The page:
America’s reckless borrowing is a danger to its economy—and the world’s

If prudence is a virtue then America’s budget is an exercise in vice. Over the past 12 months the federal government has spent $2trn, or 7.2% of GDP, more than it has raised in taxes, after stripping out temporary factors. Usually such a vast deficit would be the result of a recession and accompanying stimulus. Today the lavish borrowing comes despite America’s longest stretch of sub-4% unemployment in half a century. The deficit has not been below 3% of GDP, an old measure of sound fiscal management, since 2015, and next year Uncle Sam’s net debts will probably cross 100% of GDP, up by about two-fifths in a decade. Whereas near-zero interest rates once made large debts affordable, today rates are higher and the government is spending more servicing the debt than on national defence.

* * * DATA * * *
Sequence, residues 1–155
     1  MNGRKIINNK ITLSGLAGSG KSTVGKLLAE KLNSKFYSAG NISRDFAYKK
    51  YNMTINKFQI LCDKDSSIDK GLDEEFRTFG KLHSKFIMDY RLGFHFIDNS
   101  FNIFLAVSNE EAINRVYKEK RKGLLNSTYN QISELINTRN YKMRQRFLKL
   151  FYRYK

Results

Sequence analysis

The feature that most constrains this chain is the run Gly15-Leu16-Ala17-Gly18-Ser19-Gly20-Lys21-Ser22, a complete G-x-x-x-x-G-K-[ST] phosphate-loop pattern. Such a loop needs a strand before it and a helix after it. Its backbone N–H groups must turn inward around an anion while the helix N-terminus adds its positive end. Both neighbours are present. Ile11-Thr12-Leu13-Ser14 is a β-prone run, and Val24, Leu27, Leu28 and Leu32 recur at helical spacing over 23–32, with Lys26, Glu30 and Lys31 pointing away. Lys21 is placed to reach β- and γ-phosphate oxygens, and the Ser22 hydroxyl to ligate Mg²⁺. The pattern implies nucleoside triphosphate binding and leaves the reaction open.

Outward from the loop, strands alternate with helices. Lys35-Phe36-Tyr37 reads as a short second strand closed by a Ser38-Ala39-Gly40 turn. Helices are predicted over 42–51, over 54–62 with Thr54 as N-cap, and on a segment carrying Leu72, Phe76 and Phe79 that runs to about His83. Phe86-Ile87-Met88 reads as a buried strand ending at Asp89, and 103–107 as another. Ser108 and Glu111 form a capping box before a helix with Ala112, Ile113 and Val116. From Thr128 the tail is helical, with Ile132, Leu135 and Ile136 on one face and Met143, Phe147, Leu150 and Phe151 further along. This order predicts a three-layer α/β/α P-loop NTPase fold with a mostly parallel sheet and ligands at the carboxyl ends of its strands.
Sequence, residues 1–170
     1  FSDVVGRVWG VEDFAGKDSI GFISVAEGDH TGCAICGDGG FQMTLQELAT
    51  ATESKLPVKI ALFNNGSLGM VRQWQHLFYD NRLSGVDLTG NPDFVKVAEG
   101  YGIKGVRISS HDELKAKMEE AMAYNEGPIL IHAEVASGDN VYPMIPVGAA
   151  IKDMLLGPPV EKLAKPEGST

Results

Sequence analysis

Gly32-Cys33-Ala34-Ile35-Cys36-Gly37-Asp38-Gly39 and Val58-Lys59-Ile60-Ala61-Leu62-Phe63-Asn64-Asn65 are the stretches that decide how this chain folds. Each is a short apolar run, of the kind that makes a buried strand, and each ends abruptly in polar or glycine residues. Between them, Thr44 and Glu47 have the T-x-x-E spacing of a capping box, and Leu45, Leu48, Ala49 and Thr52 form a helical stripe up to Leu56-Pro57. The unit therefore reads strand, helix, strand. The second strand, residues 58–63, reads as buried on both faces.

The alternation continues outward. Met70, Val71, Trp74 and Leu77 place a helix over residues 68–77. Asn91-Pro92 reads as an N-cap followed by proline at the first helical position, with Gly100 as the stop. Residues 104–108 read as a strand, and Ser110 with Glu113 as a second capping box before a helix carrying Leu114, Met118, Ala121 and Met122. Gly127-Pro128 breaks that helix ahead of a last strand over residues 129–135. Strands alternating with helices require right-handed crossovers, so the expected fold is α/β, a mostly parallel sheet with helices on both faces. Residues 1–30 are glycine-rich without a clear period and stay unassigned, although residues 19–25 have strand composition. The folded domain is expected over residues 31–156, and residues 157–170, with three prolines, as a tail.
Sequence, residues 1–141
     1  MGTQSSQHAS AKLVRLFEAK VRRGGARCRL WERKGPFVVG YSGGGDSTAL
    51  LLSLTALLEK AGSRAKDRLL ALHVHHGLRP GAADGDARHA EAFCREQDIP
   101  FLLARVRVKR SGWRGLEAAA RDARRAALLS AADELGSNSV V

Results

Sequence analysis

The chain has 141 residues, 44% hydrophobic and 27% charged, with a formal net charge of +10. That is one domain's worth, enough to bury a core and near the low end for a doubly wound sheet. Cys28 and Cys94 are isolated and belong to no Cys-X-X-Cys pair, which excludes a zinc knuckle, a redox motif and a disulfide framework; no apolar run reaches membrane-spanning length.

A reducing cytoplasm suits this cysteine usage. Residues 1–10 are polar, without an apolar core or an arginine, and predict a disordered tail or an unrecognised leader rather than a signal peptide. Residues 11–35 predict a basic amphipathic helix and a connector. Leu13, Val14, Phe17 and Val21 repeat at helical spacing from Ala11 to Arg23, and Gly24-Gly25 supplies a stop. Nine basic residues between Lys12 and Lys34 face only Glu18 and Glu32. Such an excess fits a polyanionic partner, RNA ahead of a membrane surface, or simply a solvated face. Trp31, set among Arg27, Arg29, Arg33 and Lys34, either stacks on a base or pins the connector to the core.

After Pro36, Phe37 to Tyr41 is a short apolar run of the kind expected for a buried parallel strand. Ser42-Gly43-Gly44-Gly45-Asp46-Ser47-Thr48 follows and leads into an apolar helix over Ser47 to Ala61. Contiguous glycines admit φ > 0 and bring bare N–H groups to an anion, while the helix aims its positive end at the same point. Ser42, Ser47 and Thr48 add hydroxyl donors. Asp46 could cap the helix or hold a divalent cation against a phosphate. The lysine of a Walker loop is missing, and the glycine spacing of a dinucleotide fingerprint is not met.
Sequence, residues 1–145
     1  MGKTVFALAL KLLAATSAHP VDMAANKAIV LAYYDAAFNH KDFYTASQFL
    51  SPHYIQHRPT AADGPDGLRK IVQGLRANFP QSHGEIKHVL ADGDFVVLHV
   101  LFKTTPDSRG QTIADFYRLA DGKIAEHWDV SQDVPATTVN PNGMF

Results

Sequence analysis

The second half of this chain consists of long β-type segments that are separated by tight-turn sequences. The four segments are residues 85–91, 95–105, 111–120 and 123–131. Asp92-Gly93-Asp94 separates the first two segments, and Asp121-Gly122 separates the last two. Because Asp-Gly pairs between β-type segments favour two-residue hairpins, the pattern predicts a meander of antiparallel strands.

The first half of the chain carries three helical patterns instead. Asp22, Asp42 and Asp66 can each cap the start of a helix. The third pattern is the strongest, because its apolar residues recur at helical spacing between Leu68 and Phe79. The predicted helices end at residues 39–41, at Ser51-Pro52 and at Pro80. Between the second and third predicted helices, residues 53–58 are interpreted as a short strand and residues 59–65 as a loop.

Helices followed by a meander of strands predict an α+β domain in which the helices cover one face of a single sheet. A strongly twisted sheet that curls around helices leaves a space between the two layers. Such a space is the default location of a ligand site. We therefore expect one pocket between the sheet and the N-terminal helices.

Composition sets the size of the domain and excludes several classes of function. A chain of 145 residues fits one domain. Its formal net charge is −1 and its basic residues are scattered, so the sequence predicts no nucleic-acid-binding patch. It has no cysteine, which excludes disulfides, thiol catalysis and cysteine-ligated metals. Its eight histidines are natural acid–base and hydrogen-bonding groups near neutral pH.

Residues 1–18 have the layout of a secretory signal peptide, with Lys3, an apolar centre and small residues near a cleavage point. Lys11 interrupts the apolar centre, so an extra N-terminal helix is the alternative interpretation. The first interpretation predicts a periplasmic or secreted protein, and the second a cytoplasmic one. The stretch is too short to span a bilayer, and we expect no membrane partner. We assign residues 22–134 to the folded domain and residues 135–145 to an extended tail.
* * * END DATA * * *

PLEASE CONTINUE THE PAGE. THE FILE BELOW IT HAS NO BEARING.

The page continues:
How has it come to this? The costs of wars, a global financial crisis and pandemic, unfunded tax cuts and stimulus programmes have all piled up. Both Republicans and Democrats pay lip service to fiscal responsibility. But the record of each side in office is of throwing caution to the wind as they indulge in extra spending or tax cuts. The biggest economic decision facing the next president is how generously to renew Donald Trump’s tax cuts of 2017, a step that will only worsen America’s dire fiscal trajectory.

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